1) Must Reads
2) Good to Read
3) Occasional Good Stuff
4) Keeping-In-View only
5) Relegated for Exclusion
6) Hobby/ Fun stuff

It's kind of like the promotion and relegation system of English Soccer -- overtime, you move the blogs up or down as you priorities and/ or the blog content changes. Easy to do in bloglines. So far I've found bloglines very good, predominently bec. it's web-based.

Ivan Chew

Hi Debbie,
I agree with Nicole that you need more folders (have looked at your bloglines feeds list). I like her suggestion of ordering them in terms of reading priorities. My personal choice of folders might be:
1) Must Reads
2) Good to Read
3) Occasional Good Stuff
4) Keeping-In-View only
5) Relegated for Exclusion
6) Hobby/ Fun stuff

It's kind of like the promotion and relegation system of English Soccer -- overtime, you move the blogs up or down as you priorities and/ or the blog content changes. Easy to do in bloglines. So far I've found bloglines very good, predominently bec. it's web-based.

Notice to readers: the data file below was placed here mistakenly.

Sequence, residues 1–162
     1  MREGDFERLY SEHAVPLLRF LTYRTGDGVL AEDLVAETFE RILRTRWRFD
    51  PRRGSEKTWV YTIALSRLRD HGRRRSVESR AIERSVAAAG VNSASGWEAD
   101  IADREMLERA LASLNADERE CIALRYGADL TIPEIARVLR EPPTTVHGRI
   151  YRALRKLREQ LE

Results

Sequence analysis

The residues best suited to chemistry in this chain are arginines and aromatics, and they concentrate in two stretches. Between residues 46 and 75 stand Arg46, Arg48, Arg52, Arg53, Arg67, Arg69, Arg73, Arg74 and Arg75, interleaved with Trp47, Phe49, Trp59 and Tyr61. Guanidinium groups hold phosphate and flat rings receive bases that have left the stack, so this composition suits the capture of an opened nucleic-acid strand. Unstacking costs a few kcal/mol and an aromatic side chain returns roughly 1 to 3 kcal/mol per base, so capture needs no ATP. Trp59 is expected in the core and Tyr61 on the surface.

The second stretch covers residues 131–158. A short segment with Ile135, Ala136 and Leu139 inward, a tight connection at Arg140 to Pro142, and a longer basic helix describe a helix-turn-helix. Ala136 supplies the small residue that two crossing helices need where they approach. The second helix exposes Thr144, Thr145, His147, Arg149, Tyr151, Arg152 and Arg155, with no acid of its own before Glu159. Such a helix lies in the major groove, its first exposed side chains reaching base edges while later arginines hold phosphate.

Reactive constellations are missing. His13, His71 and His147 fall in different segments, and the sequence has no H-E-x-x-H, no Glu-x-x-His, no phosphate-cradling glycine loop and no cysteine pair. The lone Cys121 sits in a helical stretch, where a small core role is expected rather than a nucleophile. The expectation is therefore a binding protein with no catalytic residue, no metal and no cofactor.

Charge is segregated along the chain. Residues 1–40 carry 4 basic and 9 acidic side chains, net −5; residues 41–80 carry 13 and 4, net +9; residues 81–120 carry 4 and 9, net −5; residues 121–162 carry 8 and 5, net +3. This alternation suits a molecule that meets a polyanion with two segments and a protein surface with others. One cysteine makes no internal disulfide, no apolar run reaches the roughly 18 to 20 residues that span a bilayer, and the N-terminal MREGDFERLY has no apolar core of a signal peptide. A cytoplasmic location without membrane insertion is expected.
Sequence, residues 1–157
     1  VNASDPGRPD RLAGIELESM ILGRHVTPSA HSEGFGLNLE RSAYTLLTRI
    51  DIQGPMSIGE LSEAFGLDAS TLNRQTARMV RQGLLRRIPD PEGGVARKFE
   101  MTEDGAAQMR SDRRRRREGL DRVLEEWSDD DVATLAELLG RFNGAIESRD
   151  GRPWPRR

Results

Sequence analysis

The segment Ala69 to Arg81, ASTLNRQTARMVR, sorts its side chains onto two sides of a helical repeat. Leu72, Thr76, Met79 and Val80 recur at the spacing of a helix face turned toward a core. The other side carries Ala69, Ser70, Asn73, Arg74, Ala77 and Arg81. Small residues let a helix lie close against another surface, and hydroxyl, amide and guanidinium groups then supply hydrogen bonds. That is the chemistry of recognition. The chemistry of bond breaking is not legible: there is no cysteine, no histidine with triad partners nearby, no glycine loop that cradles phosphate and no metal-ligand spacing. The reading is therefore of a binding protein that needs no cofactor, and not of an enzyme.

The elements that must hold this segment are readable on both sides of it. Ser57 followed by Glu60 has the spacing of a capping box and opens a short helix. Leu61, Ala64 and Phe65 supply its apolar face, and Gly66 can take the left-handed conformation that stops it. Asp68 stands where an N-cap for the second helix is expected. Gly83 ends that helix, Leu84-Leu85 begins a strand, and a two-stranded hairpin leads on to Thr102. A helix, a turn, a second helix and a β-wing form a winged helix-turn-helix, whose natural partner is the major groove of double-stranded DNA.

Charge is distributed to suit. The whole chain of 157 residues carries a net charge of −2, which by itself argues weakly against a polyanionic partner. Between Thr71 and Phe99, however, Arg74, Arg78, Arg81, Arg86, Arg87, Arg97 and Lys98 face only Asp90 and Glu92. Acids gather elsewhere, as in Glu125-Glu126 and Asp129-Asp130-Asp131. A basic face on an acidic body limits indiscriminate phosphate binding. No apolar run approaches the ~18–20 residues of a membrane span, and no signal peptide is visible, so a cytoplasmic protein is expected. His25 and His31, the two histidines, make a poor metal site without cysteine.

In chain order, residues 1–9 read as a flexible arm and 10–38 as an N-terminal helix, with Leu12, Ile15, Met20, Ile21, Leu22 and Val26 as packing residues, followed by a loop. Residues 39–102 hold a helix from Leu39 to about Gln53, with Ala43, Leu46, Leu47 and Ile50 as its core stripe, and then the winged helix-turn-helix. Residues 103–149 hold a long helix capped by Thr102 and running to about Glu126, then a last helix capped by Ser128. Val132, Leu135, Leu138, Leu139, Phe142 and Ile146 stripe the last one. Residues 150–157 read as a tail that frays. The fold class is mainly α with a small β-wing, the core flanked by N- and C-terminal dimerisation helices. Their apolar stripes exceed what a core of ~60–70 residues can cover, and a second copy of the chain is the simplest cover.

Ivan Chew

(For some reason, this is the 3rd time I'm posting 'cos it doesn't seem to appear in the blog):
Hi Debbie,
I agree with Nicole that you need more folders (have looked at your bloglines feeds list). I like her suggestion of ordering them in terms of reading priorities. My personal choice of folders might be:
1) Must Reads
2) Good to Read
3) Occasional Good Stuff
4) Keeping-In-View only
5) Relegated for Exclusion
6) Hobby/ Fun stuff